Q. How familiar were you, if at all, with adjunct labor conditions? Had you explored that issue much before that hearing?
A. No. You know, you hear about it. I have friends that have done this; I have a member of my family who has done this. But we’ve never discussed it in these terms. The testimony of our witnesses … was like, “Whoa.”
Q. When I spoke to your press secretary two weeks ago, he said you had received about 200 submissions. How many responses are there now?
A. Over 300 now. I hope that people are finding it helpful and that they’re telling others. It’s very interesting. It’s adjunct professors with kids, adjunct professors with families, adjunct professors that have to have another job to make ends meet. You start to see a range of situations here.
Q. Do you have a goal for the number of responses?
A. More people than are enrolled in Obamacare. If they can get me a million by the 20th, I’ll be happy. [Laughs]
Q. Are you personally reading the stories that come through?
A. Yep, Yep. You betcha.
Q. Do you plan to hold any meetings with contingent faculty members in addition to the online forum?
A. I certainly don’t rule it out. We’ll see what the response is, we’ll see what can be done. I hope we might have the opportunity to have a full-committee hearing in the education and workforce committee.
Q. At that hearing, would you try to draft anything?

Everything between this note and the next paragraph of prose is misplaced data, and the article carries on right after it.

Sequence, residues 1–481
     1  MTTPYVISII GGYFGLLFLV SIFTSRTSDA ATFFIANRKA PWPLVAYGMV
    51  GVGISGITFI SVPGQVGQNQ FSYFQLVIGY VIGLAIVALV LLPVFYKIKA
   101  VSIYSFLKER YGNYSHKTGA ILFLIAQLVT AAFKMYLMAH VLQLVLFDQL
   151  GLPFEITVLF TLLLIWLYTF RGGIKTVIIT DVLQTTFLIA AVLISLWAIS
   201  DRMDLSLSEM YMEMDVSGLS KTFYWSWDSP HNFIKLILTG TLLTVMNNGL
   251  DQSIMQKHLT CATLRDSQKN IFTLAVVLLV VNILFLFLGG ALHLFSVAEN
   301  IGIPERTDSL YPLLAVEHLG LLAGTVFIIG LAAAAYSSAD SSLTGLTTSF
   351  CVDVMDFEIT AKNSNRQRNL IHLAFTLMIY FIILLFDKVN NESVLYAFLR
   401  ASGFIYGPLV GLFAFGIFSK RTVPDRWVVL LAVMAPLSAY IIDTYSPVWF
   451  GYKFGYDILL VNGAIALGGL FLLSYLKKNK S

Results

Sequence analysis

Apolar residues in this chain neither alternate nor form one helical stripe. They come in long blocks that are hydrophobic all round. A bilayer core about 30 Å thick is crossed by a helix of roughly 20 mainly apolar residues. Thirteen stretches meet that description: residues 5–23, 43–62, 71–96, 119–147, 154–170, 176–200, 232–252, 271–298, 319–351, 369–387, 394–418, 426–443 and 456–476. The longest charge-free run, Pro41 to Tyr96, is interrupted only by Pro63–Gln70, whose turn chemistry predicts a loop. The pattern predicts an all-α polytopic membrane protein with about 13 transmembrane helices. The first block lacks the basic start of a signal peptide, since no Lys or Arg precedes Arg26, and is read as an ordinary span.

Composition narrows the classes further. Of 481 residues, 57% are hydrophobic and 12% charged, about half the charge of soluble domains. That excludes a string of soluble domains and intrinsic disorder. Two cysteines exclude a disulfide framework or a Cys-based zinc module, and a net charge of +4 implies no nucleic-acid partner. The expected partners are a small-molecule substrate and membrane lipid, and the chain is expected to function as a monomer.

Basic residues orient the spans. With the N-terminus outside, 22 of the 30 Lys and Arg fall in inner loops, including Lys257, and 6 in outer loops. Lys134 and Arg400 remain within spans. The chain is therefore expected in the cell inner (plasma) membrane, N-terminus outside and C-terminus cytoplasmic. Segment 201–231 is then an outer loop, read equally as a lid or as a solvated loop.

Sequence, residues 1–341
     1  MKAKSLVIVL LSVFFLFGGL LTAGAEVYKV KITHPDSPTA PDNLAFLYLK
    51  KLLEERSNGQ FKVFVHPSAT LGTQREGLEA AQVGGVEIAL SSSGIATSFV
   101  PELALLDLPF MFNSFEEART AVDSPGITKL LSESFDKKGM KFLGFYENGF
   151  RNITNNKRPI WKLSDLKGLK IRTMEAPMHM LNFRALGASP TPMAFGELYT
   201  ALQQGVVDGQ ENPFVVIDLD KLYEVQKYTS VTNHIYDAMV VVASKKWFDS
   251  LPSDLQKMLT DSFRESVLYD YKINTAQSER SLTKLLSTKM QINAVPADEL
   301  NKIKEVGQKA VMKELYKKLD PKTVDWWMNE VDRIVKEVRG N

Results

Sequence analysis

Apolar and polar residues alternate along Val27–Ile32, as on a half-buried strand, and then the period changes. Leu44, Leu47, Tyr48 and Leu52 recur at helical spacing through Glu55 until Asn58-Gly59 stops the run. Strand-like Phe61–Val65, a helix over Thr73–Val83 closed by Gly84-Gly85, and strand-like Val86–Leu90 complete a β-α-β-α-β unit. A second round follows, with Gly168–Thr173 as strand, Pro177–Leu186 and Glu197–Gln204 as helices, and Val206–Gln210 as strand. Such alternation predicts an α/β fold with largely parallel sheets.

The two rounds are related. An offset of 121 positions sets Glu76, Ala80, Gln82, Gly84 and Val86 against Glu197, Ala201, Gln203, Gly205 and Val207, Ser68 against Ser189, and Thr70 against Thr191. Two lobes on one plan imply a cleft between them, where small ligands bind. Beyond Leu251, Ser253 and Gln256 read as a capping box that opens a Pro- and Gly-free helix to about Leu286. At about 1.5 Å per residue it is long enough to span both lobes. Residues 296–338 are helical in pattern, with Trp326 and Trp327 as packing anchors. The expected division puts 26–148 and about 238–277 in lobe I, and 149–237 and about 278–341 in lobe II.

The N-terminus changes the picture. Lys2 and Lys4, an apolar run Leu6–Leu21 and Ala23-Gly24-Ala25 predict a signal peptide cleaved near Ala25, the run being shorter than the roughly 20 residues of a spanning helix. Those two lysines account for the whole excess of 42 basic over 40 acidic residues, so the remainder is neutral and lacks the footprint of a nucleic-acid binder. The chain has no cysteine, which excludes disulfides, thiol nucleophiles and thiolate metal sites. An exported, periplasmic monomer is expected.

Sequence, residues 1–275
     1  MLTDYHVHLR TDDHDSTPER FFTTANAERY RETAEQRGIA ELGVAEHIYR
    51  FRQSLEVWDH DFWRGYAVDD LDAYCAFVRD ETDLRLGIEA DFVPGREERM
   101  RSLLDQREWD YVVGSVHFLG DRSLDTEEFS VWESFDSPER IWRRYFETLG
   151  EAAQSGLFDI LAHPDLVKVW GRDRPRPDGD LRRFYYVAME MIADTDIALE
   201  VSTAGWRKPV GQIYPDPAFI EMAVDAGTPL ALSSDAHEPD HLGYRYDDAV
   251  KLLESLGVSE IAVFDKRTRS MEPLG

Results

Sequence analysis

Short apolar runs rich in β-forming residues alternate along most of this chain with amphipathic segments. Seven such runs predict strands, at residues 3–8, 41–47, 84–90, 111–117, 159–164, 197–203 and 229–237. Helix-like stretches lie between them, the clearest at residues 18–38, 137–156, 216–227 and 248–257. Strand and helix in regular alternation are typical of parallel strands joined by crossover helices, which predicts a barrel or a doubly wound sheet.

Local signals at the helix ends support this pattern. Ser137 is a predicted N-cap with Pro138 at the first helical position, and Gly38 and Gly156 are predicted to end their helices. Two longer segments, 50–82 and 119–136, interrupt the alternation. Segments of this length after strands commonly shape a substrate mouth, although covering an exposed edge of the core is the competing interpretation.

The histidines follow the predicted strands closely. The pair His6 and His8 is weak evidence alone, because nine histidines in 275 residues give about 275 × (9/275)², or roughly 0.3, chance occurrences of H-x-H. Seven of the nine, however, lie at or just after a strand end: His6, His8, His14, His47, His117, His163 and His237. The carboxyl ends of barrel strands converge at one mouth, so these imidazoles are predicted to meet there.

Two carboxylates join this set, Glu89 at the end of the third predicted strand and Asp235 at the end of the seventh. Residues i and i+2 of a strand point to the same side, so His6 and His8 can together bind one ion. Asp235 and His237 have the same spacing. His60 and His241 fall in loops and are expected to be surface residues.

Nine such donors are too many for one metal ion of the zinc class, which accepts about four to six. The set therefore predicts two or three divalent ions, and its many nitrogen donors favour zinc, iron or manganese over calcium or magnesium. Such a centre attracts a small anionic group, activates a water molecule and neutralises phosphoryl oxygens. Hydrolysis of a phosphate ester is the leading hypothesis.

A. I don’t know yet. It’s too soon. The decision on the hearing is not mine to make. That’s for Chairman Kline [John Kline, a Minnesota Republican, leads the House Committee on Education and the Workforce]. I would hope there would be. I just don’t know the end of the story here yet.
Q. So, are there any ideas about where this will go?
A. Oh, I’ve got a million ideas, but I can’t share them with you at the moment. [Laughs]
Q. Well, what would you ultimately like to see come of this?
A. I don’t know. I’m trying to be very objective about this. What I’m getting now are bits and pieces of evidence on … how they carry out obligations to the students under those conditions. Then we’ll look at that and say, “What are we seeing here in terms of this? How is this consistent with how it’s presented to the public: students, parents, people borrowing money to go to school?”
Q. Why is this important to you?
A. My first impression is these are talented people who are put in stressful situations in order to do their job. And part of that job, a big chunk of that job, is to be able to teach students in the various disciplines. If the stress and pressure they are put under starts to diminish capabilities to do that, we ought to know. We have to know how the schools function. There’s a lot to do here.
Q. Anything you would like to add?
A. It’s early on here. This is the first giant step. We need the responses. There’s a big universe of people, a significant number of people. And I’m not just looking for negative comments. If it works for people, I want to know that too. I’m not interested in a one-sided picture.
Image: Courtesy of Congressman George Miller.